Happy Birthday today to The Spaceman, the irrepressible Ace Frehley, whose lead guitar work in the original version of the rock and roll quartet KISS elevated that band to one of the all-time great groups of that genre.
While the co-frontmen — Gene Simmons, with his blood-spurting, bass-playing rock shock antics, and Paul Stanley, all-around good guy with the sly wink — were pretty much always (and continuing to this day) at the forefront, it was the guitar sounds of the Space Ace and his attitude as well, which seemed to come from the Johnny Thunders/Ron Asheton/Wayne Kramer down and dirty rock variety that gave KISS arguably its musical cock walk strut on record, on stage, and in print. Frehley was the dark horse of the group who usually had musical photo finishes; he was the iron glue and in a lot of ways the one who experienced the most identity crisis, almost like the George Harrison in the theatrical greasepaint, the makeup which concealed the band’s identity during their heyday in the 1970s, but never concealed the band’s workman-like musical ethic.
Space Ace Frehley – legendary guitarist and alien spaceman from deep space, specifically the planet Jendell… or the Bronx, depending upon which legend you choose to believe. For his No Regrets autobiography, written with assistance from Joe Layden and John Ostrosky, Ace determines to focus on the Earthbound tales of his back history, examining his memories from childhood, to wild teenage years, to his days with KISS, and his time as a solo artist.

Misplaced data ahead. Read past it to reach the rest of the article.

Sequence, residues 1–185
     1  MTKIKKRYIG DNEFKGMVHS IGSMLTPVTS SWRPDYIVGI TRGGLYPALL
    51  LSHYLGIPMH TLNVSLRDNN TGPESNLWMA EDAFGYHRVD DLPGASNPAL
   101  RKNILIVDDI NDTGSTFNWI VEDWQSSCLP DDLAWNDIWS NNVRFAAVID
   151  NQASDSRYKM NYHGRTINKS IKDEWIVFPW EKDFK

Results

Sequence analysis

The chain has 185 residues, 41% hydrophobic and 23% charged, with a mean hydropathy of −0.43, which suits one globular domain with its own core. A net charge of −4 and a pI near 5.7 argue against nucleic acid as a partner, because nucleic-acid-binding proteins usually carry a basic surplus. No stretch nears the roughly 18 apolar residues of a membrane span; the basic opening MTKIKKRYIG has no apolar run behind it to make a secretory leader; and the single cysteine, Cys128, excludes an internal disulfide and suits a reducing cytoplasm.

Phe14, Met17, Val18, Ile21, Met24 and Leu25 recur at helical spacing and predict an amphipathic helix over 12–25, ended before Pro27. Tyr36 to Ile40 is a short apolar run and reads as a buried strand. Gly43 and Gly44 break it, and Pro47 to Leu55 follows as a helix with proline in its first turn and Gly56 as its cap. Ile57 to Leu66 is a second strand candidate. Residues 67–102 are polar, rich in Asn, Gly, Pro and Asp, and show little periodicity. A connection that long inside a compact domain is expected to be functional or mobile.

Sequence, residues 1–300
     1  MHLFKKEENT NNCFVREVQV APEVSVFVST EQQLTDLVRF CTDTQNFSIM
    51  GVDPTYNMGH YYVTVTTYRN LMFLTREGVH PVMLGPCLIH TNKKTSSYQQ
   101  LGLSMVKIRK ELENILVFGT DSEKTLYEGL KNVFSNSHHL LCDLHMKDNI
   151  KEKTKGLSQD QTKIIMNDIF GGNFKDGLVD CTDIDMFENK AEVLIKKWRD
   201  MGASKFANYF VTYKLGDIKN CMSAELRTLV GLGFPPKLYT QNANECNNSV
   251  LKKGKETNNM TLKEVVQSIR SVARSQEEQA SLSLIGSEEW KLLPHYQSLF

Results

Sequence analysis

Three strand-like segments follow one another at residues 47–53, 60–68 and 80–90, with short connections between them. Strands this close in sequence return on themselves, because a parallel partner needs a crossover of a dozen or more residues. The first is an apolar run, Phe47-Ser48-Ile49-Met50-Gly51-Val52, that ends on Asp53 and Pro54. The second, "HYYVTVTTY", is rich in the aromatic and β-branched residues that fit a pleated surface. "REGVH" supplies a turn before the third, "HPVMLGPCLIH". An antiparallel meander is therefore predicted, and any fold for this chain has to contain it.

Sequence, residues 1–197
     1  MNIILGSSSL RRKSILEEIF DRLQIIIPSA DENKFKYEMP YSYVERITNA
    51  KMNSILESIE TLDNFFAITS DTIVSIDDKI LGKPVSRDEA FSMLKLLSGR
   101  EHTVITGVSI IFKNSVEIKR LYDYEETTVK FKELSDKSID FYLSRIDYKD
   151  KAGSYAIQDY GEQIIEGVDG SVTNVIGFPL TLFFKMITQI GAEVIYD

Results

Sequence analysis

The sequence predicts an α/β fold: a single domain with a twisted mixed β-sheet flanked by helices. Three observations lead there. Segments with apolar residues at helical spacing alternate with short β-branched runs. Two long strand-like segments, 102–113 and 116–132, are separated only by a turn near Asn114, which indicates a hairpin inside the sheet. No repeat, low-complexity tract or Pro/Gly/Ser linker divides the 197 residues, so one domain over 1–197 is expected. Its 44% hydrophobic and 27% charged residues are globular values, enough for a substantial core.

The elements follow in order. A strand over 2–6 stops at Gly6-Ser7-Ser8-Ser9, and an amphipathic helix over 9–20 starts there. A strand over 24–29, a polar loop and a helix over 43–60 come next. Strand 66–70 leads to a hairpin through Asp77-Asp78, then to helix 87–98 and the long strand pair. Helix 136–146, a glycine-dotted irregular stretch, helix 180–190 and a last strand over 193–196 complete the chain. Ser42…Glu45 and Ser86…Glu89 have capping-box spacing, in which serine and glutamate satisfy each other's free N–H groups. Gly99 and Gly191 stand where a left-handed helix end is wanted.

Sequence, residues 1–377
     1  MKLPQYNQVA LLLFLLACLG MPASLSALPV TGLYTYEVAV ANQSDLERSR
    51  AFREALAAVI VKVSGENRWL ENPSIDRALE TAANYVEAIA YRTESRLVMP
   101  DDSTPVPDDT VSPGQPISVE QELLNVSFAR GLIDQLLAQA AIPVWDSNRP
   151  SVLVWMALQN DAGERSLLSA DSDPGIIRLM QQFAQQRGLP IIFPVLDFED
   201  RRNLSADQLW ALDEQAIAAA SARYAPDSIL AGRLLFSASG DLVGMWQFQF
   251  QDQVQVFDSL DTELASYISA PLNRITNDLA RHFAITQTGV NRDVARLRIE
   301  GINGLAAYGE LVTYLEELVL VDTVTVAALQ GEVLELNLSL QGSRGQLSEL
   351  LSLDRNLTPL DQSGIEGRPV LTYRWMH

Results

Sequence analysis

I read No Regrets with immense anticipation. Being a KISS fan is not just about enjoying their music, it is quite literally an obsession that becomes a lifestyle. [Geeks of Doom editors Eve and Dave will back me up here – go on, Eve, tell ’em about it right here: There is a shrine to Ace at the Geeks of Doom Headquarters, and in lieu of a framed wedding photo above the bed is a framed print of the cover of Ace’s 1976 KISS solo album, undisputedly the best by far of the four KISS sole albums.] And a chunk of that lifestyle is discovering more about the history of the band members (original and otherwise), as it makes up a much larger picture of the KISS family.